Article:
The process of making sauerkraut is based on fermentation, lactic acid bacteria consume sugar and break it into lactic acid, alcohol and carbon dioxide (soda gas).
1. Use fresh and sweet cabbage. Remove the outer leaves and the core. A large cabbage may be halved or quartered.
2. Shred cabbage very thinly, about 2 mm (1/16î) as this will help to release juice. This juice contains nutrients and sugar which are needed for the growth of lactic acid bacteria. When finely cut and packed in a barrel, it will release juice immediately.
3. Shredded cabbage is mixed with salt which immediately draws out juice. If the cabbage has been stored for a few weeks, it is somewhat dry and may release not enough brine to be fully immersed in it. If you don't see brine over the top in two days, prepare and add an extra brine. Add 25 g (4 tsp.) of salt to 950 g (1 quart) of water and pour over the shredded cabbage.
Adding salt not only draws out juice but also creates hostile conditions for spoilage bacteria. Commercial producers add around 2.25%, home producers add usually between 2.25 and 2.50% salt by weight. Adding salt between 2-3% will produce quality sauerkraut. To meet 2.5% salt requirement, 25 g (4 tsp.) of salt is added to 1 kg (2.2 lb) of cabbage.
For consistent results sauerkraut or cucumbers should be weighed. Then the weight of the sauerkraut is multiplied by the desired percentage of salt and the precise amount of salt is calculated. Using cups, spoons or teaspoons can be misleading as for example a cup of table salt weighs differently than a cup of kosher salt. To make the matter worse an American tablespoon/teaspoon is of a different size than the European or Australian one.
4. The salted cabbage is tightly packed into suitable containers such as clay pots, pickle crock, glass jars or food grade plastic pails (3-5 gallons). As the first layer of about 25 mm (one inch) of shredded sauerkraut was placed at the bottom, it was sprinkled with salt, then another layer of shredded cabbage was added and more salt added. This is repeated until the barrel is three quarters full to allow the expansion of the cabbage. You can mix shredded sauerkraut with salt in a large mixing bowl and then place it in a container. If a significant amount of cabbage is shredded, the mixing and packing can be done in stages. Make sure you tamp it down very firmly using your hands or some suitable device, for example a potato masher. Fresh cabbage will start releasing juice during mixing and packing.
5. A clean cloth, a piece of muslin, or two layers of cheese cloth are placed on top of shredded cabbage before adding the weight plate. Many people cover the shredded cabbage with whole cabbage leaves. If the brine gets scummy it is easier to replace cabbage leaves or cloth than to scoop up the scum. The purpose of the weight plate is to keep the shredded cabbage submerged in brine. Often a round wooden board was used on which a rock was usually placed. Brine or water filled plastic bag can be placed on top of the shredded cabbage and will conform to the shape of the container, keeping shredded cabbage below the accumulating liquid. The plastic bag may break and spill out its content into the cabbage. Water will dilute the fermenting brine and may adversely affect the process, so it is wiser to fill the bag with brine. Adding 25 g (4 tsp.) of salt to 950 g (1 quart) of water makes an acceptable brine. The weight keeps the cabbage submerged in liquid and out of contact with direct air. This prevents yeasts from growing on the surface as they need oxygen to multiply. Yeasts can produce slime and even discolor the sauerkraut.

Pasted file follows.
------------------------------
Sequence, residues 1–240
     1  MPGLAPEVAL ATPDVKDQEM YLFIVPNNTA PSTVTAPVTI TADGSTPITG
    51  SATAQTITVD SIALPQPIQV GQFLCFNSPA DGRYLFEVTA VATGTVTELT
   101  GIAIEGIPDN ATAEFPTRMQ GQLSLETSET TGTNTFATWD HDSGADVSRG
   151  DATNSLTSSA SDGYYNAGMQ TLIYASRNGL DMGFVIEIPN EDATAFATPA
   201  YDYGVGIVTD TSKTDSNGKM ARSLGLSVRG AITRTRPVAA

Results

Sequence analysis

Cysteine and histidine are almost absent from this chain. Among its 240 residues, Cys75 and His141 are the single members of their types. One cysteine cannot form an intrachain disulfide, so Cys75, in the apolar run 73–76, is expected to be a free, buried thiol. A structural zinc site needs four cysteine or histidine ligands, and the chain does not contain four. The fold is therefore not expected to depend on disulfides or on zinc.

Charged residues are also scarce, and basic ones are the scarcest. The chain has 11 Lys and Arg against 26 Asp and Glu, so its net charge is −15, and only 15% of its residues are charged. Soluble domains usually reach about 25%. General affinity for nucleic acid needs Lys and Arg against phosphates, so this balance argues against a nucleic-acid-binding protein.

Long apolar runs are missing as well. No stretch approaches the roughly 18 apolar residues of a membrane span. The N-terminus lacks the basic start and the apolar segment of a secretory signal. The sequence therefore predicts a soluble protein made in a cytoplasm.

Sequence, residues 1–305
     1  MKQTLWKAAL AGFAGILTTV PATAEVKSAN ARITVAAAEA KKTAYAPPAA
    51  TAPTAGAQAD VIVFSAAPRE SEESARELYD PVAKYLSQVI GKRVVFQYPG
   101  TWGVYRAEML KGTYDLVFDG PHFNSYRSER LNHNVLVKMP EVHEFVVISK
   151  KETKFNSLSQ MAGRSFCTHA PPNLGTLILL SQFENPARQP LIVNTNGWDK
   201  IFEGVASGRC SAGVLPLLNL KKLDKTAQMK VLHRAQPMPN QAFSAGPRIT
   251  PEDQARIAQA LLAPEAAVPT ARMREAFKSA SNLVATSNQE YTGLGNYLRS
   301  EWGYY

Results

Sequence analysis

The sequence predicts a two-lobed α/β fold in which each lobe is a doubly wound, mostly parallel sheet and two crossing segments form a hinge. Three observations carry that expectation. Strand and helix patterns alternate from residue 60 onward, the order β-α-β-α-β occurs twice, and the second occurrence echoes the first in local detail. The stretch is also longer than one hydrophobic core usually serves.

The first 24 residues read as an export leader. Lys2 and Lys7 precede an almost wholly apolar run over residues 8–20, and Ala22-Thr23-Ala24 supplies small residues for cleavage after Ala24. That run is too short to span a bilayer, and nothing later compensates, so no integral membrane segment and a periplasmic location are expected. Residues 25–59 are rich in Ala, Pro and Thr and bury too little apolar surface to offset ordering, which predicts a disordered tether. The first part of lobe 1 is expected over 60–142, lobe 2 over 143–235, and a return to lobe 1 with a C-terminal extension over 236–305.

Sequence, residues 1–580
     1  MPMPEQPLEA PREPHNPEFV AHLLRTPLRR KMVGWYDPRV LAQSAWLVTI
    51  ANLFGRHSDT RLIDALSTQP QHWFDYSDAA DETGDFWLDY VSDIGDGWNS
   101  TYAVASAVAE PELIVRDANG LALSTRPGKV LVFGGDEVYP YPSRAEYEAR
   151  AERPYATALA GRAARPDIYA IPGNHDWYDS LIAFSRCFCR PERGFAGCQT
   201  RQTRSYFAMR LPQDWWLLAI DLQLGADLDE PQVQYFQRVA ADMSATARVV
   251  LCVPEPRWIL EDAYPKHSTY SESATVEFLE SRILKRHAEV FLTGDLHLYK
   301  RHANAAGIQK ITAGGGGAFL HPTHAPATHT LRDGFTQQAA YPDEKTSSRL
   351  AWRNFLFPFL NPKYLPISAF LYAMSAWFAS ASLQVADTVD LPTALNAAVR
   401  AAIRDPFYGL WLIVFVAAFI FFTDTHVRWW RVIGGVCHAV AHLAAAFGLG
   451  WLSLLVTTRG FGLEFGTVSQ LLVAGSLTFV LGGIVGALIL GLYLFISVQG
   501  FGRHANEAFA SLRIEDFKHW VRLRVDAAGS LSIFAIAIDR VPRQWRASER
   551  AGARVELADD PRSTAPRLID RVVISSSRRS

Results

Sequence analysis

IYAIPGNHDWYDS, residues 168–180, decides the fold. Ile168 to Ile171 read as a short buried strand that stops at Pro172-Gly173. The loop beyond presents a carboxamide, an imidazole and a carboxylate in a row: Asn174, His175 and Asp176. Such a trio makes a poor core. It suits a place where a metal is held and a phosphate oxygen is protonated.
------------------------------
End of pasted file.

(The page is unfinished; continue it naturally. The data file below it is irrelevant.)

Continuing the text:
Shredded cabbage should be covered by brine what prevents yeasts and molds from producing white scum.
Freshly packed cabbage displays bright green and white color. The color will start turning to light yellow as the fermentation progresses.
If any white foam accumulates on top of the cabbage it should be scuped away and the weights should be washed and reused. Slime producing yeasts need air to survive so the rest of the sauerkraut is not affected. Always pick up sauerkraut from the top, don't stir the contents of the barrel.
Summary of Critical Issues
Use fresh and sweet cabbage. Cabbage should contain up to 3.5% sugar. The sweeter raw cabbage is the better sauerkraut will be obtained.
Adding less than 2% salt might produce soft or even slimy sauerkraut. Adding less than 1% will produce sauerkraut that would be soft and unacceptable commercially. Adding more than 3.5% salt might inhibit growth of lactic acid bacteria.
The more lactic acid that is produced the more acidic the sauerkraut becomes. There is a limit how much lactic acid can be produced as the increased acidity inhibits bacteria growth. Once the sugar supply is exhausted, lactic acid bacteria stop growing as well.
White scum on the surface of the sauerkraut is due to yeasts and should be removed every few days. There is no reason to discard the sauerkraut.
It is possible to use the brine from the previous sauerkraut fermentation as a starter culture for a new production. This is a common method used in the production of bread or even salami (back slopping), where part of a fermented product is saved for new production. In theory at least, it should produce a new batch with the same characteristics as the old one.
During fermentation glucose (sugar) is converted to about 50% lactic acid, 25% acetic acid and ethyl alcohol, and 25% carbon dioxide.
Keep the fermentation temperature below 80° F (27° C). For best quality sauerkraut maintain a fermentation temperature at around 68° F (20° C).
The process of making sauerkraut and pickled cucumbers is very similar. Both products are made using the same equipment, cucumbers of course are not shredded, although they may be sliced.
Keep the sufficient level of brine to cover sauerkraut.
Fermenting glass jars should be kept in a dark place.